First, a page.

I will have to pluck up the courage to go for it, but it’s very stable and does stuff with the OTG port that the official version doesnt, and they are working on a kernel build that will allow an external modem from the USB port. As far as VZ is concerned you have my sympathy, it’s all part of the Vodafone Group, but in the US they seem to get away with charging for stuff that they cant in Europe, like Wi-Fi Hotspots which are free here. If it’s on the phone/tab it’s yours not theirs. Your data is very expensive compared to ours. A standard contract tariff here would be about $25 PM with loads of free calls and texts and “all you can eat” data. A modem data bundle is £15 for 3GB over a month, but you can get 15GB for £25.99 PM on a 24 month contract. The EU is responsible for all this, by bringing down and capping MTR levels, ie what the carriers charge each other for entry to their networks. So short of moving to the UK, or getting the FCC to clean up the US mobile industry, no real suggestions I’m afraid.
    One annoying thing on the Xoom Speaker Dock, it doesnt have a USB feedthrough, only an HDMI, so once mounted it has to be bluetooth KB and Mouse only which is a pain.
    Kindest Regards

  18. Scott E says:

    Take a look at MX Mariner – – it’s only $7 in the Android market, and while pretty new, it’s already shaping up to be a great app. Like OpenCPN, it’s under active, iterative development, with new features coming every few months.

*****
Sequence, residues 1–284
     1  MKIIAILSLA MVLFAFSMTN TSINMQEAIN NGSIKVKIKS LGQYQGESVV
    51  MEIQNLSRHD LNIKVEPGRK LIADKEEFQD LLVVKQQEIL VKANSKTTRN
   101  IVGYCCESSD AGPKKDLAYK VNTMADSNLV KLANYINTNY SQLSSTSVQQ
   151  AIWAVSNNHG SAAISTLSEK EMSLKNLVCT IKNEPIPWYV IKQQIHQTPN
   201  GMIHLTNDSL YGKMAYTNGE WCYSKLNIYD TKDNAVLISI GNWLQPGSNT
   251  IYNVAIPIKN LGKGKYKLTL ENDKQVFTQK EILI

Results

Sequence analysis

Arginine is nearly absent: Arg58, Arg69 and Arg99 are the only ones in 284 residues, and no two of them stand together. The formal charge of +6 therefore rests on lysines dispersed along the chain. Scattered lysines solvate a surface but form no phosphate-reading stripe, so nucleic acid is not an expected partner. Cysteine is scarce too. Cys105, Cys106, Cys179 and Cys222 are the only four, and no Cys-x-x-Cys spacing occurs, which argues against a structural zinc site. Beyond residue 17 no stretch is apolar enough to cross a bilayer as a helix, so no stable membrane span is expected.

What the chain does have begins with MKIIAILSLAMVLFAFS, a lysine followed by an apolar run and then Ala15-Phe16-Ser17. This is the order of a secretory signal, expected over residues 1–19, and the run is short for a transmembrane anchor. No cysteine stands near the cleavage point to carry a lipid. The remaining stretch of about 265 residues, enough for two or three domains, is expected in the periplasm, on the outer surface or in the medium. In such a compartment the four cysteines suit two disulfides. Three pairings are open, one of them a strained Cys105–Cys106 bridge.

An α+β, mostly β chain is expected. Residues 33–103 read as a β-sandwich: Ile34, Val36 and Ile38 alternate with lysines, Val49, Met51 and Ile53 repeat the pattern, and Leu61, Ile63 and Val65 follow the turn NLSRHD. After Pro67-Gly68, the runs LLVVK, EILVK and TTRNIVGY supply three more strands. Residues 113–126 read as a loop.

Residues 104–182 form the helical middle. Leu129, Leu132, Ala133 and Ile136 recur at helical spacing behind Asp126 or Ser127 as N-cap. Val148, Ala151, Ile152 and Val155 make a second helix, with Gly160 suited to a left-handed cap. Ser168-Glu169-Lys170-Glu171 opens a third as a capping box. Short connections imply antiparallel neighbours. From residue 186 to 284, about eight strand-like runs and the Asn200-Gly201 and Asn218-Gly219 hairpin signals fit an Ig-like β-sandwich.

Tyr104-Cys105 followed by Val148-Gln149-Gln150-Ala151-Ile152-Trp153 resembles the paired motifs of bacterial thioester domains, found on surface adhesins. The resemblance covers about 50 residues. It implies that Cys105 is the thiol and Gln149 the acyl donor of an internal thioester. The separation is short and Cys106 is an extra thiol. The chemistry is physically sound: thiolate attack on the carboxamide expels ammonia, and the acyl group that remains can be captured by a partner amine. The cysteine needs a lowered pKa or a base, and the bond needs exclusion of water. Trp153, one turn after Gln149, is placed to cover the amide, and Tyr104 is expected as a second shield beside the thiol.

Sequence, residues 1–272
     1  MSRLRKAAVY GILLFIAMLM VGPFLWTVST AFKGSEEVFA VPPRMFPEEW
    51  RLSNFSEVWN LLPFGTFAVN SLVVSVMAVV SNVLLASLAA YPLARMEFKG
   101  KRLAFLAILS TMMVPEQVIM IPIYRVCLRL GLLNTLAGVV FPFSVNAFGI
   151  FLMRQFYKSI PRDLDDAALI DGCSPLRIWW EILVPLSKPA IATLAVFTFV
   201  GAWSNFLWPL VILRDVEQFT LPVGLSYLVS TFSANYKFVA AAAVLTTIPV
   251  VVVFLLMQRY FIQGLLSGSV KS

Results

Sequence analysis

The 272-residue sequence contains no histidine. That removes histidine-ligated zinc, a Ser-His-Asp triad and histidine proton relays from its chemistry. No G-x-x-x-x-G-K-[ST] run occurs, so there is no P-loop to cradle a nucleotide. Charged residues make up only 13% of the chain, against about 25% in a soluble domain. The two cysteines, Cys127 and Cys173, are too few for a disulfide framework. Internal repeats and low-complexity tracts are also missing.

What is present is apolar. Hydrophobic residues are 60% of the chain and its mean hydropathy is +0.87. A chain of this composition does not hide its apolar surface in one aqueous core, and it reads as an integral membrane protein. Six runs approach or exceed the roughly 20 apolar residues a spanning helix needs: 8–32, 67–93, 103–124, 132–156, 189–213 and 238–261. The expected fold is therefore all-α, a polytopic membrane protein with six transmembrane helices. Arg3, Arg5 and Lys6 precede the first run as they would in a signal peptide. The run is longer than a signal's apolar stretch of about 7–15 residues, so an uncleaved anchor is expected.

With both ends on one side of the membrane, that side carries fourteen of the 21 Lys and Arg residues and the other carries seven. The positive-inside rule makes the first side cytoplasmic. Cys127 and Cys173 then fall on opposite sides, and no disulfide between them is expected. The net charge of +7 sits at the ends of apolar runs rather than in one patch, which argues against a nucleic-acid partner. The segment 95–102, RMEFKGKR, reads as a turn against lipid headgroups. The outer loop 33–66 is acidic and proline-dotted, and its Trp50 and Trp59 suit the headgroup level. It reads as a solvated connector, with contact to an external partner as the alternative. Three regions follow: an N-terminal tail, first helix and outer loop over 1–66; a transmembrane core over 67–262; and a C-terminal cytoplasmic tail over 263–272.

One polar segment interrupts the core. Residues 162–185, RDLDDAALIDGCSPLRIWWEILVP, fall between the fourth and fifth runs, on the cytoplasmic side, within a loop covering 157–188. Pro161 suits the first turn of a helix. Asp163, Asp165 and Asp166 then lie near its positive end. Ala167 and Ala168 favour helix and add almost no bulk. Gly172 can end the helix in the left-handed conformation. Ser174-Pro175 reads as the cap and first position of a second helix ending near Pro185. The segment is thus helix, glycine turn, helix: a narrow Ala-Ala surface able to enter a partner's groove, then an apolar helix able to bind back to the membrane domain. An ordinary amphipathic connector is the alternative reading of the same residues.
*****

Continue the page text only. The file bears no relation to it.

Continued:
This works great on both my Android phone and 7″ tablet. It’ll be getting some blue water use by me very soon.
    I’ve found that most apps don’t actually understand how these apps are used, and require an active data connection, or you have to download individual BSBs/tiles in advance. Some don’t even support chart quilting. With MX Mariner, you download a region in advance – it’s a big file, for sure – but all navigation in that region is seamless (and switching regions is painless).
    I’m really looking forward to where MX Mariner goes next, and looking forward to some of the other features coming soon, such as GPX import/export so I can interface it to OpenCPN.
    I have no interest in MX Mariner other than being a happy user, and supporter of transparently developed projects.
    Install MX Mariner from
    It’s interesting to see ActiveCaptain behind an open project for a change and realizing that openness is the way to go. Congratulations for coming around on that Jeffrey!

  19. Ben Ellison Ben Ellison says:

    I had trouble downloading charts in MX Mariner when I had it on a Droid Incredible and I’m having it again on Galaxy Nexus. I’m on my fourth try for 258MB New England Region, and this phone has a good WiFi connection.

  20. Will Kamp says:

    I’ve had a few reports of this from people this week. The server has also definitely been getting slammed this week. And, I will be adding resumable downloads shortly. In the mean time, don’t hesitate to email me with any questions or comments. My email address is on the about screen in MX Mariner. I try to respond to each one.

  21. I can also recommend the open source OruxMaps which through it´s .kap conversion program OruxDesktop lets users install their own .kap charts.
    It can also import optimized Tracks from the route optimizing program qtVlm using grib´s and boat polar informationin in .kml format.